David Mamet's Pulitzer Prize and Tony Award winning "Glengarry Glen Ross," a mystery featuring scumbag real estate salesmen that doubles as an adroit examination of capitalism, gets my votes for the greatest play of the past 30 years.
But that doesn't mean it's easy to get right.
All those famed pauses and clipped sentences; the fusillade of foul language; the staccato, brilliance of the musical "Mamet speak;" it can fall apart at any moment and leave the audience at an utter loss.
The angular rhythms of the language have prompted countless pundits to liken the master contemporary playwright's dialogue to jazz, but that's misleading because it infers that there's room for improvisation. For "Glengarry Glen Ross" to succeed, the director and actors must, among other things, be completely in sync with the text and all the deftly placed empty spaces that make the language come alive. One wrong pause can lead to catastrophe.
There's another major issue when putting on "Glengarry Glen Ross."
Most people in the audience have already seen it staged and viewed the outstanding 1992 movie of the same name. Many, like me, have probably also read the play, hoping to gain greater insight to Mamet's genius or just for the sheer joy of it. It's an amazing read.
But the movie element presents the biggest problem for the men on stage. Although the awesome opening scene starring Alec Baldwin as Blake only appears in the film, the rest of the movie is pretty much the play opened up.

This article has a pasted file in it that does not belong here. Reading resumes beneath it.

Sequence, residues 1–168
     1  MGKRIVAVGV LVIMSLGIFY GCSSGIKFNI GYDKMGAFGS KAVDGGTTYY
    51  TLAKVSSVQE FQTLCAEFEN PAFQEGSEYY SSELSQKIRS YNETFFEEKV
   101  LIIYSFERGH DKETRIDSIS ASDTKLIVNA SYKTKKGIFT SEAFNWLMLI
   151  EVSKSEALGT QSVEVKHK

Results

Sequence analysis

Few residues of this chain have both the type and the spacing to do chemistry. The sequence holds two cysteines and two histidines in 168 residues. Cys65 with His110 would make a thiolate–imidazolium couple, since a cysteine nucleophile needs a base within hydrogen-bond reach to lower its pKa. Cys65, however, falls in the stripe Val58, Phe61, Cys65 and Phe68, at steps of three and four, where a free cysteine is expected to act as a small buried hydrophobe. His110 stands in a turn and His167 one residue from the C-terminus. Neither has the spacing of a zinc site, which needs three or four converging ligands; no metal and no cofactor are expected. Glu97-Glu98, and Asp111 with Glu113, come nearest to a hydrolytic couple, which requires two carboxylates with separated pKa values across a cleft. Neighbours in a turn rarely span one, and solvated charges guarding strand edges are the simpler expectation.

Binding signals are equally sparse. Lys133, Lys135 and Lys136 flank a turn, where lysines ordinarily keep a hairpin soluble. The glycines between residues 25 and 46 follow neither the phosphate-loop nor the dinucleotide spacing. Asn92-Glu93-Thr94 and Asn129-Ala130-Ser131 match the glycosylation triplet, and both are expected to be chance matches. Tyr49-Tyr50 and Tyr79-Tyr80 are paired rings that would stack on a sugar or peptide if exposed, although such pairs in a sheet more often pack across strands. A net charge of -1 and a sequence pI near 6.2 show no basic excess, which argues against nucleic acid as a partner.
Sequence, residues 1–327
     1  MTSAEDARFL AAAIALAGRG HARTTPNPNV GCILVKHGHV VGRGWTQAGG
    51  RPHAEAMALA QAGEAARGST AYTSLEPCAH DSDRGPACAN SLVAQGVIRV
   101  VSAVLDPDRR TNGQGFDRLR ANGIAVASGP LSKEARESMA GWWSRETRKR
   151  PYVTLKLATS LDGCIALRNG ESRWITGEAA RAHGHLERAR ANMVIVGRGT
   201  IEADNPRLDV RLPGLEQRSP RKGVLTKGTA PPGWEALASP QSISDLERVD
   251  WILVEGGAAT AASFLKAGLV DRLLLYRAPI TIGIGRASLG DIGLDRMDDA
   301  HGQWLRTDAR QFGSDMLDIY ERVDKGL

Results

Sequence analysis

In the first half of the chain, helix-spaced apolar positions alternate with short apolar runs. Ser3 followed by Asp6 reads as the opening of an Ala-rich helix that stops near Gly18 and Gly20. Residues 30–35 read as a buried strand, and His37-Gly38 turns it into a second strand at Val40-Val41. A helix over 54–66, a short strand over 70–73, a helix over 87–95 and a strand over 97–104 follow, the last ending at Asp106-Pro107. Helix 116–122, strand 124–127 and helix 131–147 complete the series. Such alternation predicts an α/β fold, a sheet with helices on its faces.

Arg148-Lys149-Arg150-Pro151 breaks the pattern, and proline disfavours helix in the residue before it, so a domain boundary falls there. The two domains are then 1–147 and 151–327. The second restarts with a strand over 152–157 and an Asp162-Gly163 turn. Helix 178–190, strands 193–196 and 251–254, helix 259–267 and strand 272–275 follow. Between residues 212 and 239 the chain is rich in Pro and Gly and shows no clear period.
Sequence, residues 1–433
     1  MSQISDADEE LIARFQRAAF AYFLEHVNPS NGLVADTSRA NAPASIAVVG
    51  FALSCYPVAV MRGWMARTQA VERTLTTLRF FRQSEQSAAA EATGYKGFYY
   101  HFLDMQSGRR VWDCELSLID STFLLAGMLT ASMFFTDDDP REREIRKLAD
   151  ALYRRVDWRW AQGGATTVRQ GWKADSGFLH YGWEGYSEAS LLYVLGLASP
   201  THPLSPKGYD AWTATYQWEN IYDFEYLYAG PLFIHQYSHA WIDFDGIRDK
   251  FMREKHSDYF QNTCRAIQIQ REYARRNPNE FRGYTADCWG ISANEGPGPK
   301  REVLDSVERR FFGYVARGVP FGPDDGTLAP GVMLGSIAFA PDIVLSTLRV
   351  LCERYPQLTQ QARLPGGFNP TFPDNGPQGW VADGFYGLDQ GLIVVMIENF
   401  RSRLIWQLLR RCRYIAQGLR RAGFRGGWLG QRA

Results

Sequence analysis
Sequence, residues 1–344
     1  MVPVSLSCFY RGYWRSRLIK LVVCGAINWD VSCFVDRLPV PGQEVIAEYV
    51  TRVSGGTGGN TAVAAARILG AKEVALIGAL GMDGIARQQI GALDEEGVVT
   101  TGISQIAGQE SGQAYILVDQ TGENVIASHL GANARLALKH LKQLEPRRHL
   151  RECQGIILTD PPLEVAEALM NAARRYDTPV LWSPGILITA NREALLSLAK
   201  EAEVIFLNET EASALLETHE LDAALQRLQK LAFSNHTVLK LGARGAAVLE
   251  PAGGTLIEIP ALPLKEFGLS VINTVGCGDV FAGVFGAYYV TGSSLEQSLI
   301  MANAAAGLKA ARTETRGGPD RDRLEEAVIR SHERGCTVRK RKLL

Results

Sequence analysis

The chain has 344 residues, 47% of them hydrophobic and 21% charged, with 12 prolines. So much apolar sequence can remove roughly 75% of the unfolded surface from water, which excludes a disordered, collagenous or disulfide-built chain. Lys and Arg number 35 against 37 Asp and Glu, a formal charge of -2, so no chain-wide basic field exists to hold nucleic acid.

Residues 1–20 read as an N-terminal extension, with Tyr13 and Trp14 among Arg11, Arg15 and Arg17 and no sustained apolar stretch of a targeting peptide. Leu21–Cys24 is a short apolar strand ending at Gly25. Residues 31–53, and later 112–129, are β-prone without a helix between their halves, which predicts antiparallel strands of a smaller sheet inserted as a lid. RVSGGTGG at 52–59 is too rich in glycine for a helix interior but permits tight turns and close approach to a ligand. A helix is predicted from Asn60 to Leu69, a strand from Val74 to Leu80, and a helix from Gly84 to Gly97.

It features killer performances by the likes of Jack Lemmon (Shelley "The Machine" Levene), Al Pacino (Ricky Roma), Ed Harris (Dave Moss), Alan Arkin (George Aaronow) and Kevin Spacey (John Williamson). These are performances not easily erased from one's memory, especially, if, like me, you practically have the movie memorized.
Despite all these challenges, the Asolo Repertory Theatre's production of "Glengarry Glen Ross" is a tour de force that left me completely satisfied, almost giddy, following the opening night performance Friday. The first act's 35 minutes flew by like a brilliant blur while the second and final 45 minutes were as gripping as anything I've seen staged. For me, at least, theater really doesn't get any more entertaining.
Credit Michael Edwards, the Sarasota company producing artistic director, for choosing to stage this play from 1983 that's still deemed controversial because of all the naughty words. Also applaud Edwards for picking an exceptional director in Carl Forsman (Dean of the University of North Carolina School for the Arts, he directed the Asolo's acclaimed production of "A Few Good Men" during the 2006-2007 season) and an equally talented cast consisting of guest artists and Asolo Rep regulars.
All seven men on stage were commendable with Jay Patterson, a New York stage, television, and film veteran who appeared in the 2005 Broadway version of "Glengarry Glen Ross," completely owning Moss, the driving force behind the office drama.
Dave Breitbarth, in his 17th season with Asolo Rep, again astounded with his dexterity as Aaronow, the salesman with pitifully low self-esteem while Douglas Jones, in his 27th season with Asolo Rep, proved just as agile as aging, formerly successful salesman Levene.
"Glengarry Glen Ross," one of the most important plays of our generation, has received a must-see production by the Asolo Rep.
Details: Jan. 11-Feb. 28, Mertz Theatre in the FSU Center for the Performing Arts, 5555 N. Tamiami Trail, Sarasota. Tickets: $20-$72. Information: 941-351-8000 or www.asolorep.org.
Wade Tatangelo, features writer/columnist, can be reached at 941-745-7057. Follow Twitter.com/wtatangelo.